How Home Health Can Ace the Updated ICD-10 Codes
Big changes are coming to ICD-10 this October, and home health providers need to be prepared.
The extremely large code set was first implemented in the majority of states about a year ago, to the dismay of many home health providers across the country. Then, in June, the Centers for Medicare & Medicaid Services (CMS) added just under 2,000 new codes to ICD-10, as well as revised approximately 400 codes and deleted around 300 codes. This latest round of ICD-10 changes is scheduled to take effect when the FY2017 code set takes effect on October 1, 2016.
In order to ride out the change successfully, there are certain things all health care providers should keep in mind, according to Jennifer Gibson, RN, a certified coding specialist who conducts trainings for Dallas-based home health software vendor Axxess. Gibson shared some last-minute tips for providers with Home Health Care News ahead of the Oct. 1 ICD-10 FY2017 start date:
1. Every coder must have an updated 2017 Code Book or Code Set. “With the thousands of changes to excludes notes, code additions and deletions, it is impossible to code accurately with an outdated code set or code book,” Gibson tells HHCN.
2. Health care providers should guarantee that their software vendor is prepared for the change, and that codes are available based on the date of service. “For example, codes that were deleted in the updated 2017 version should not be available for use before October 1, 2016,” Gibson says. “Likewise, codes that were in the 2016 version and deleted in the 2017 updated set should not be available to choose or enter on or after October 1.”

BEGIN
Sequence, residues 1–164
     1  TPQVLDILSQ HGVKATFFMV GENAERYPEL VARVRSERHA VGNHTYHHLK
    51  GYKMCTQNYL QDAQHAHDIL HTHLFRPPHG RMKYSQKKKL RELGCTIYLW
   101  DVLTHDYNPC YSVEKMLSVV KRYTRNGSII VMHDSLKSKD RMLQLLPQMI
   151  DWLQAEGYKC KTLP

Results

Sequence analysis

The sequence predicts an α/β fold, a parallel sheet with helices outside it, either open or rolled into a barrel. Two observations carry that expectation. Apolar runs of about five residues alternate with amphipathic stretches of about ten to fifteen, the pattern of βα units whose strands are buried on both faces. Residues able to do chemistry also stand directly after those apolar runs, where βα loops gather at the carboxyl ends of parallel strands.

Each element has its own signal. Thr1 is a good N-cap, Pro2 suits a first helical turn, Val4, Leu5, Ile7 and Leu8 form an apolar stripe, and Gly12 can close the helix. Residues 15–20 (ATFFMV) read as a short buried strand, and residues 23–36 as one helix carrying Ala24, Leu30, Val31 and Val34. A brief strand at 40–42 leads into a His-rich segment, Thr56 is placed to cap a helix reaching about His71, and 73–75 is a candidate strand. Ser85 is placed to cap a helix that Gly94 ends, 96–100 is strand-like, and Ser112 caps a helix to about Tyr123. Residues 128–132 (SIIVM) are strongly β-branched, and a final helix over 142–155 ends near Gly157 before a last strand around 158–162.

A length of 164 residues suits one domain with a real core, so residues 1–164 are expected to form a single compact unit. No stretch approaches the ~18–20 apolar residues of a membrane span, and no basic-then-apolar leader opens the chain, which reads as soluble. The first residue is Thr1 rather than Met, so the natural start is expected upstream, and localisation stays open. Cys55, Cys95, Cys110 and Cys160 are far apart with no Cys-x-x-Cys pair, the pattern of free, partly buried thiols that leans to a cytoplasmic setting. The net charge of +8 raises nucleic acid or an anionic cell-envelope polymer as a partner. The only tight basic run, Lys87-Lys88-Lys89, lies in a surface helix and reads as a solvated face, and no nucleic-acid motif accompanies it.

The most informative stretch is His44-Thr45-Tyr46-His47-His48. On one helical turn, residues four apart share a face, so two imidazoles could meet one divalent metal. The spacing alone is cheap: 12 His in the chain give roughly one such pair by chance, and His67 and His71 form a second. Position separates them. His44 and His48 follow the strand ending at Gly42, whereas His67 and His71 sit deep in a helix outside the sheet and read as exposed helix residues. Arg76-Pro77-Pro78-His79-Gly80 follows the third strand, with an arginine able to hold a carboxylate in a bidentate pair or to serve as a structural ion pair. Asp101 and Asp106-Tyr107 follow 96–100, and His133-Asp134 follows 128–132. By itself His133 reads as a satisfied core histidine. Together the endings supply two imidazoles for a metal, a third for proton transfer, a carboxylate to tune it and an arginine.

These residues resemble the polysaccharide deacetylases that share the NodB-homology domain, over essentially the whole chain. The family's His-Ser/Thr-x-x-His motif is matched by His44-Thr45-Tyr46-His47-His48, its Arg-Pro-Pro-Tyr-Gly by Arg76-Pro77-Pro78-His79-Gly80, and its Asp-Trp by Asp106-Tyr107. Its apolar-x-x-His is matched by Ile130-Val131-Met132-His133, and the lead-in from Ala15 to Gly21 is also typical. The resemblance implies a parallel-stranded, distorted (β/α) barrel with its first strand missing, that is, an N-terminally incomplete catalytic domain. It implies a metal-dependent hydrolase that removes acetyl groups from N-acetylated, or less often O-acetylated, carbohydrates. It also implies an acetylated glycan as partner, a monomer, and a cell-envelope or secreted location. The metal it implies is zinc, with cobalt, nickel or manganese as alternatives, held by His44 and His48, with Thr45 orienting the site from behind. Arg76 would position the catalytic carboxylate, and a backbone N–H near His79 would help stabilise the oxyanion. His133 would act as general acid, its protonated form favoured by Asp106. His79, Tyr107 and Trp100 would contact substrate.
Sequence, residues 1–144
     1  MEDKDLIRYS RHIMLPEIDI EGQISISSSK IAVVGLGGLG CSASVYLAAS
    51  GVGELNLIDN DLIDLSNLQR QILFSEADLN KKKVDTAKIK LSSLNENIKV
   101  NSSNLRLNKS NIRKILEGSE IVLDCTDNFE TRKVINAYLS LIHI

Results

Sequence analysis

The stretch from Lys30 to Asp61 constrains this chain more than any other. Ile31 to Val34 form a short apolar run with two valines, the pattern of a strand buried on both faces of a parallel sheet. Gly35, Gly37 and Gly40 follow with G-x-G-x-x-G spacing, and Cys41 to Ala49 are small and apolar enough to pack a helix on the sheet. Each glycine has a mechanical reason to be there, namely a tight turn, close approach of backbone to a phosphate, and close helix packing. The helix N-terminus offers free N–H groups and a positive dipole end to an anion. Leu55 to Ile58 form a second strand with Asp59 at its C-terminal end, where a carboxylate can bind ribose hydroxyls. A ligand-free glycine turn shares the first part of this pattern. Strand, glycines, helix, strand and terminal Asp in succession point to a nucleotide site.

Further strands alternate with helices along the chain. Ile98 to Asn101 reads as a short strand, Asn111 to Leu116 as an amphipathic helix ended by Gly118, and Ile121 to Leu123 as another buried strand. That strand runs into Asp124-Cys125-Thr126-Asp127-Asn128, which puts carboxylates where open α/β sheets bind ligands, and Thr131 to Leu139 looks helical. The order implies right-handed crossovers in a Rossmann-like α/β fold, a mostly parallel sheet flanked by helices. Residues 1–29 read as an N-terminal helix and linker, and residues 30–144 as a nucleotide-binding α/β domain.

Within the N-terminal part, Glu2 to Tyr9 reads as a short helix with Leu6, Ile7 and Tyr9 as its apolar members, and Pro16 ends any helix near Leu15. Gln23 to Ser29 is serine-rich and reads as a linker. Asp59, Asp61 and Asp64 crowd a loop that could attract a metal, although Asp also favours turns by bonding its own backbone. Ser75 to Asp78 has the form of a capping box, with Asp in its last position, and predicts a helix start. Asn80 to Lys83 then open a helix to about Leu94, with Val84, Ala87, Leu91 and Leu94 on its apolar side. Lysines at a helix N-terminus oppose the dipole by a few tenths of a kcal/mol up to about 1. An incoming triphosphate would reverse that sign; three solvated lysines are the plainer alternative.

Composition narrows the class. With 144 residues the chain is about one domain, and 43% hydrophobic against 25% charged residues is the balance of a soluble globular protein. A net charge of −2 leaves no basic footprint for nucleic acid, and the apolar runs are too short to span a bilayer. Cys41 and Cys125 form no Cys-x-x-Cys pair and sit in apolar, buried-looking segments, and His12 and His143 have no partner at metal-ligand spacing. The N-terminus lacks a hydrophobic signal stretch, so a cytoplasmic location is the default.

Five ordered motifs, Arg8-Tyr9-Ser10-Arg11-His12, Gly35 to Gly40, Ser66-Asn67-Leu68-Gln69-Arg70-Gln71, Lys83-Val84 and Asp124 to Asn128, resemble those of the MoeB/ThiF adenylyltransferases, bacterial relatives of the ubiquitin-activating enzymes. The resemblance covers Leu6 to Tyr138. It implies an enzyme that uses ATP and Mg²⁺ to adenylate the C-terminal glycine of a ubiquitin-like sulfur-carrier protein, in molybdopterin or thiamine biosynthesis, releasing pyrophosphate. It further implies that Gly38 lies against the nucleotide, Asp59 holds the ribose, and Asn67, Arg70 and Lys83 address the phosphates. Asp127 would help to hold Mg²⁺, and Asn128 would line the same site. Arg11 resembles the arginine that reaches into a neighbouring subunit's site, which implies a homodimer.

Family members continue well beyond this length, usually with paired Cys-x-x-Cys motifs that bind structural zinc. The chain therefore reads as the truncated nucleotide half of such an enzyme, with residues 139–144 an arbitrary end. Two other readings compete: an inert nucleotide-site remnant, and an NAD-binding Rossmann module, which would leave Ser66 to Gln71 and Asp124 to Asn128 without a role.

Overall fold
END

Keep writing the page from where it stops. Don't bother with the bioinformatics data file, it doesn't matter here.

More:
3. Coders and providers should expect a temporary drop in productivity due to a lack of familiarity with the new code set and guidance. “It will simply take a bit longer to code with the newer set,” Gibson says.
A great coder, Gibson adds, knows that coding is a two-step process: starting in the Alphabetic Index, and then checking the Tabular List to finish the code and to search for associated guidance and conventions. “This is most important as you are navigating through thousands of changes,” Gibson says.
4. Providers and their coders should be mindful of the changes to the updated 2017 Official Guidance for Coding and Reporting. There are several changes that will start October 1, 2016, including new guidance that clarifies the use of the word “with,” Gibson explains.
“This new guidance states ‘with’ should be interpreted to mean ‘associated with’ or ‘due to’ when it appears in a code title, the Alphabetic Index, or the Tabular List,” she says. “New guidance goes on to state that the classification presumes a causal relationship between the two conditions linked by these terms in the Alphabetic Index or Tabular List.”
These conditions should be coded as related, even without provider documentation that explicitly links them, except if the documentation clearly says the conditions are not related, according to Gibson.
“For example, when we first started using the ICD-10-CM code set, we were told that diabetes could not be linked with any other conditions unless the physician or provider explicitly linked the two conditions,” Gibson explains. “Due to the new guidance above, the classification presumes a causal relationship between diabetes and all the conditions listed in the alpha index following ‘with,’ such as Charcot’s, neuropathy, and many more diseases. However, Osteomyelitis is not listed after diabetes “with,’ and thus the classification does NOT presume a link between diabetes and osteomyelitis. Therefore the physician or provider MUST link these two disorders in order for the coder to code osteomyelitis as a manifestation of diabetes.”
Written by Mary Kate Nelson